In her current position she can’t use her speed and agility to their best effect; but her adversaries, hampered by the broad curving smooth surface, can only approach her by way of the secondary ladder she occupies. I brace myself in my best reproduction of the isosceles stance, aiming for the back of the head (body hits cause them pain, but only a direct penetration of the central nervous system will slow them for long), and squeeze off two shots in a fraction of a second. The one nearest her stands straight up, jerking as if in a seizure, and falls backward from the ladder. He doesn’t knock loose any of the others, as I had hoped he might, but his body strikes the railing at an angle that sends him cartwheeling over it, to be lost in the night depths below. His companions are too slow-witted or dumfounded to react at first, but the defender with the flare gives a little cry of surprise and alarm, and the shock of that sound all but freezes the heart in my chest.

I have been deceived by the angle, the shifting light from the flare, the urgency for quick action, and my own preconceived expectations. This is not Kendra. It is Corinne.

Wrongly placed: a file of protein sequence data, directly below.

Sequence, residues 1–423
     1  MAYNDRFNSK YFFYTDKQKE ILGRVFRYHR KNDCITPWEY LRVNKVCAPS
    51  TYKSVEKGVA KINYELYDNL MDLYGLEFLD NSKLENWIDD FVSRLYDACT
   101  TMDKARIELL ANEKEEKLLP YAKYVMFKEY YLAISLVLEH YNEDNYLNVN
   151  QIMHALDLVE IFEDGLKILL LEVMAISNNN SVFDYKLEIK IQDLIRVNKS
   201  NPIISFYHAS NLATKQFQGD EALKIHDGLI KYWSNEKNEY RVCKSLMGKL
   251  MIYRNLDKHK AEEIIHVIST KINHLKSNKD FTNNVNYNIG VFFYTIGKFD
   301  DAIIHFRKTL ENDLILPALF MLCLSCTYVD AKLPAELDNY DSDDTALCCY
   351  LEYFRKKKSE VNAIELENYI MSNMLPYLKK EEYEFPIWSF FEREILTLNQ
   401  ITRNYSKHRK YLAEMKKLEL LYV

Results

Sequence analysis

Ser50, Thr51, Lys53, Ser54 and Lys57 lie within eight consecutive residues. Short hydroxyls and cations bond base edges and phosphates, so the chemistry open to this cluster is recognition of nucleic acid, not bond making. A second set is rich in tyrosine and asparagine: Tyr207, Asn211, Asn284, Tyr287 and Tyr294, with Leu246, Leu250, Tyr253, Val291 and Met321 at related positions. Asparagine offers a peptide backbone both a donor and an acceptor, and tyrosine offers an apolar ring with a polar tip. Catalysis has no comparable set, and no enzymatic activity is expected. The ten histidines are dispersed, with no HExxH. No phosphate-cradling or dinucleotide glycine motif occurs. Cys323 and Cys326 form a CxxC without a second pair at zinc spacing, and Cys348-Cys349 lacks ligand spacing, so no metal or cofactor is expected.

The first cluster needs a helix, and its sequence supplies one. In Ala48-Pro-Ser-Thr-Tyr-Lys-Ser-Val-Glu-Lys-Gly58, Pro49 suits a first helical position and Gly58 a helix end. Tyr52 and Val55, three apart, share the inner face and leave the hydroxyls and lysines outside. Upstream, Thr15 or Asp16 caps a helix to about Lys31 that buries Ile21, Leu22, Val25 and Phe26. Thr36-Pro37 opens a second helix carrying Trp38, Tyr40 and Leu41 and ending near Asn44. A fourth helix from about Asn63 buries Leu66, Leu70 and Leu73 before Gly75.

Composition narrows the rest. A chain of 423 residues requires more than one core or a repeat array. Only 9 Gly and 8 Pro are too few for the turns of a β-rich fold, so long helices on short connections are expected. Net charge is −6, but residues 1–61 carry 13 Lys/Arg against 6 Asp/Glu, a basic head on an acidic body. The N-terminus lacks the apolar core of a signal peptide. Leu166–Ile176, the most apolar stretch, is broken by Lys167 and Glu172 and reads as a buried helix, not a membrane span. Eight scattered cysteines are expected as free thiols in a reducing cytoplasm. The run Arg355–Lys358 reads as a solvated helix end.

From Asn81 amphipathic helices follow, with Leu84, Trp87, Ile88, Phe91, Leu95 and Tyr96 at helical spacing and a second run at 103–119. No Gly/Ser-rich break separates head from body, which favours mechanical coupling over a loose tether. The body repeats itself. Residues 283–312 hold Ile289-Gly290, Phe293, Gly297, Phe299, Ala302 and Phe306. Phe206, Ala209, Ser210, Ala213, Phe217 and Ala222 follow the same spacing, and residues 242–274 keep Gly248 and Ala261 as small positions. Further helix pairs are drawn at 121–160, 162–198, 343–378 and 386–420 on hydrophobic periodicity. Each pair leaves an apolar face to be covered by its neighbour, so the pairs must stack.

The other three on the ladder have begun to respond to my intrusion. I shoot the bottommost, for with their attention turned from Corinne the sharpest peril is now to me, and he is best situated to reach me first. The bullet takes him in the eye — good — but he falls to the walkway, screaming and clawing at his face, rather than going over. I dart forward, meaning to shove him off the edge beneath the railing, but the next one drops from the ladder to land in front of him, and it suddenly seems more desirable to backpedal, firing as I go.

My aim is well out, one bullet perforates the shoulder of the deputy’s uniform she wears and two more fail to find any target. The fourth catches her in the throat, and she promptly drops (spinal cord severed? that would be nice), and the last one is coming at me fast, eyes blazing golden from a face twisted into gargoyle-like planes and ridges.

I shoot as fast as I can pull the trigger, this one isn’t like the others, he staggers under the desperate fusillade but keeps on coming, awful teeth bared in a grinning rictus of triumph. “I can keep this up … longer than you can, pansy man,” he gasps in a bubbling wheeze, and the slide of the Glock locks back, I eject the spent magazine and grope in my trousers pocket for the depleted spare, still stumbling backward. I have practiced in range firing but not in combat reloads, so it actually speaks well of me that I have the second magazine in place and my thumb on the slide release when the wounded vampire lunges across the distance separating us and plucks the pistol from my grasp with a speed and force that numb my fingers.